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Correctness and People's Personal Names:

A commenter on the "correctness" thread asked whether people are required, as a matter of standard English usage and as a matter of good manners, to follow another person's preferred spellings and pronunciations of that person's name. Is it OK to call a Juan "John"? How about pronouncing the name "Dzh-you-an"?

The modern standard English practice for personal names is, to my knowledge, different from the practice for place names: The bearer of the name is entitled to choose his own spelling, and, to a certain extent, his own pronunciation, so long as the pronunciation does not depart too far from the norms. It's considered improper, for instance (as a matter of both correctness and manners), to call Pedro "Peter" (unless you're doing so jokingly in certain contexts). My sense is that it's also considered improper, if you know better, to pronounce the "e" as "ee" if the bearer pronounces it "eh," though of course the L.A. "San Pedro" neighborhood is pronounced precisely that way (again, the difference between particular people's names, which track the bearers' preferences, and place names, for which there is no individual bearer but only idiom).

On the other hand, it's not considered improper to use an English "r" as opposed to the more trilled Spanish "r"; nor is it considered improper to use an "eh" sound for the "e" rather than the "ehy" sound that, I'm told, is more proper in Spanish. My sense is also that bearers are given less flexibility to insist on departures from the more common English pronunciations of foreign names. Thus, my father "Vladimir" calls himself "Vlah'dimir," rather than the Russian "Vlahdee'meer": Though the latter could easily be pronounced by Americans, "Vlah'dimir" is the standard American pronunciation (to the extent that there is a standard), and I don't think he'd be entitled to insist on it even if he wanted to (and he's not the sort of guy who'd want to).

The rule therefore doesn't just accommodate most Americans' difficulty with pronouncing phonemes that are missing in English (such as the trilled "r"); it also accommodates the unfamiliarity of certain pronunciation practices, even when the sounds aren't alien to the English-speaking mouth. So the rule ends up being a compromise between the bearer's preference and English pronunciation norms.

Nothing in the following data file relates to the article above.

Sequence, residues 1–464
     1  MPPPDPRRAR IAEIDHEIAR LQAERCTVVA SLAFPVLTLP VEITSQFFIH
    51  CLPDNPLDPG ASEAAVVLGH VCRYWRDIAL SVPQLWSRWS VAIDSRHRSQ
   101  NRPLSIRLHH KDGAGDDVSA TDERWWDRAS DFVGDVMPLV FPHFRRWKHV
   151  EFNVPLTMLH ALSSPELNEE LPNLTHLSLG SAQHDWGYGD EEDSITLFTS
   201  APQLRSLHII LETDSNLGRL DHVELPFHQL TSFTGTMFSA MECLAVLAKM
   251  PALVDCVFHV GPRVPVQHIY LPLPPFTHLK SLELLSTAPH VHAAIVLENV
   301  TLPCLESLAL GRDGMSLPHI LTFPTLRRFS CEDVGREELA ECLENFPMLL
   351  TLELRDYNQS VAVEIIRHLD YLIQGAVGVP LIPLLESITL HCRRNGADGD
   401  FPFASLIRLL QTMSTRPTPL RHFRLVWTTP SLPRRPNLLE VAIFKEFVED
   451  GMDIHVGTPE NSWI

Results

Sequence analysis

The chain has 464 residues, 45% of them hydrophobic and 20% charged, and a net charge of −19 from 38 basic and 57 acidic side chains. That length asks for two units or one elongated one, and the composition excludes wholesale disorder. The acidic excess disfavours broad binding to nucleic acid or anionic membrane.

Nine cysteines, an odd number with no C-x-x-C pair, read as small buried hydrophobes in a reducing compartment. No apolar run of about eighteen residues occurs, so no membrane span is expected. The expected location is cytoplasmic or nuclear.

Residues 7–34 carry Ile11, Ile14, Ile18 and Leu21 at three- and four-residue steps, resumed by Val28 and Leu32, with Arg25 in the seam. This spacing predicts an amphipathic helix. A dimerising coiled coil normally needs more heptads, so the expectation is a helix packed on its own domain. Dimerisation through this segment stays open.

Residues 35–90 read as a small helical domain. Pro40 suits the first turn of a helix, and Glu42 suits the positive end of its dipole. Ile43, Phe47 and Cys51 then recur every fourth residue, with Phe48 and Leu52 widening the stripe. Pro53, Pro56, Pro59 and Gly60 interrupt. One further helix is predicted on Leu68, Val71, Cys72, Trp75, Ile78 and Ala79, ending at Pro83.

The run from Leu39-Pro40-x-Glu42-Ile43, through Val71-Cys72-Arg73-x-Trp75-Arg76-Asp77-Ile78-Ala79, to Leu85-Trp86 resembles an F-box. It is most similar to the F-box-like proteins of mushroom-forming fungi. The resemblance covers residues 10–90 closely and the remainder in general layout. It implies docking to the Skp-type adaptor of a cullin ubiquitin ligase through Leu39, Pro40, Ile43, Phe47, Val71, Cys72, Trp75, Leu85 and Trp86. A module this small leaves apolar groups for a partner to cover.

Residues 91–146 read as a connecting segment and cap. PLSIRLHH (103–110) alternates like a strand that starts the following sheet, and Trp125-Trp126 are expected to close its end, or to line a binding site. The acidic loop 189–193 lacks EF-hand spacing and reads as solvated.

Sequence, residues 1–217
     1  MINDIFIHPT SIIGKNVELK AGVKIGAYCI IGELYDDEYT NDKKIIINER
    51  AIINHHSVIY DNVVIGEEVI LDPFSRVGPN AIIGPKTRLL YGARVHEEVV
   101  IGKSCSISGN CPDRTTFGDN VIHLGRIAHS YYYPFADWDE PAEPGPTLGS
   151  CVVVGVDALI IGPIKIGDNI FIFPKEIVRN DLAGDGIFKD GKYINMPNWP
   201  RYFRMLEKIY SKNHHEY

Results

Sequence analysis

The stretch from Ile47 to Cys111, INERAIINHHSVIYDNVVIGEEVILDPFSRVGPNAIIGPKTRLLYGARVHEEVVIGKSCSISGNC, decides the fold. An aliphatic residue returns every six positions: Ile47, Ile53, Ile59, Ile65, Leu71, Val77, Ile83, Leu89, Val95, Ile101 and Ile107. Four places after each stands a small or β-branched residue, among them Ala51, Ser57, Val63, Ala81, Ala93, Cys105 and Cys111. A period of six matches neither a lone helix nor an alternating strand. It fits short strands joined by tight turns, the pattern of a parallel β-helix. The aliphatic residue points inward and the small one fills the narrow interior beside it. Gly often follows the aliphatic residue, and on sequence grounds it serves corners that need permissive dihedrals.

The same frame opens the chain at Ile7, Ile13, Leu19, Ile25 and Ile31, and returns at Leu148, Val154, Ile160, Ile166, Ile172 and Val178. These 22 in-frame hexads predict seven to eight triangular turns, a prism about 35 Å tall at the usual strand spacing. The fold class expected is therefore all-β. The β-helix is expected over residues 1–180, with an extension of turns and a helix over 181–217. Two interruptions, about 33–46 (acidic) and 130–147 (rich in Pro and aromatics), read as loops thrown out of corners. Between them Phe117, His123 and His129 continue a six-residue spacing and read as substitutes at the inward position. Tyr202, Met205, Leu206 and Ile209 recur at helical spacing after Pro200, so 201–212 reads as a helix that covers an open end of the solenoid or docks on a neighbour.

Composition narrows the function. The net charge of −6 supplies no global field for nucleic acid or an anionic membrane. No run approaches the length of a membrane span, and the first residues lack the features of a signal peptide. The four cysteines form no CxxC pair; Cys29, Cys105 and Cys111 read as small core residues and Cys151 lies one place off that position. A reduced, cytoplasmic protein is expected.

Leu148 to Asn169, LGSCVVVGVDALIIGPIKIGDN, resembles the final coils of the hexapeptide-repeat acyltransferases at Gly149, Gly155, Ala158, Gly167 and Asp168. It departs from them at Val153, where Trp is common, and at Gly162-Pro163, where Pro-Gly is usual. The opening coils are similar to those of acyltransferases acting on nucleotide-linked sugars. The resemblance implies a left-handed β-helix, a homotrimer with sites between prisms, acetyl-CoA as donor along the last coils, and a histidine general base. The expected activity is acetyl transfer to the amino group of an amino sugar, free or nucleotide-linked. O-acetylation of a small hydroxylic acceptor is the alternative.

Others are expected to follow the bearer's preferences. The bearer is expected to tolerate the inevitable inadvertent errors when his name departs too far from what is familiar — errors that happen even among people who may have known the bearer's preferred pronunciation, but have forgotten it on the spur of the moment.

Why the difference between the practices for particular people and the practices for place names? Why don't we call Beethoven Louis (though apparently others once did, and so did Beethoven himself, at least in certain situations), but do call Deutschland Germany? I'm not sure. But I am pretty sure that this is the way it is, as standard English usage goes.

Incidentally, all this is the modern English convention; the rules seem to have been different in the past, especially as to famous people. The convention may also be different in other languages; I can't speak to that.

Randy R. (mail):
Names of french origin seem to bedevil us. There appears no rule concerning Louis. Sometimes we say it the french way, Lou-WEE (though rarely), sometimes LOU-wee, and sometimes LEW-is.
I understand that it is proper to say Nor-lins, but outsiders usually call it new-or-LEANS, and that's okay too.

It's never okay to say Frisco, however.
12.17.2007 1:26pm
Anonymouseducator (mail) (www):
12.17.2007 1:36pm
Kazinski:
That is just non-sensical, if people can choose the pronunciation for their own names then you end up with absurdities like 'Favre' pronounced as 'Farve'.
12.17.2007 1:39pm
John Burgess (mail) (www):
I think you might find a finer distinction when it comes to first or second names. People (like me!) tend to be a little more dogmatic about correct surname pronunciations. My name, for example, has a soft 'g' sound, though others with exactly the same spelling, prefer a hard 'g'.

That might have to do with the original language from which the name derives. Mine is from the French 'bourgoise'; others from the Saxon 'burger', which finds its way into British pronunciations.

In my case, I'll answer to either, but if asked will 'correct' it to my preferred pronunciation.
12.17.2007 1:47pm
skeptical:
I'll bet "Farve" was not the arbitrary creation of the Favre family alone, it was the way everyone they knew said their name. It's because English does not have the sounds needed to say the name the way the Favres' ancestors might (or might not) have said it in a French-speaking country. And how are you so sure Haitians or Quebecois or Brittany residents, or people who live where the family came from (are you sure it was, say, Paris?) don't say it "Farve" anyway?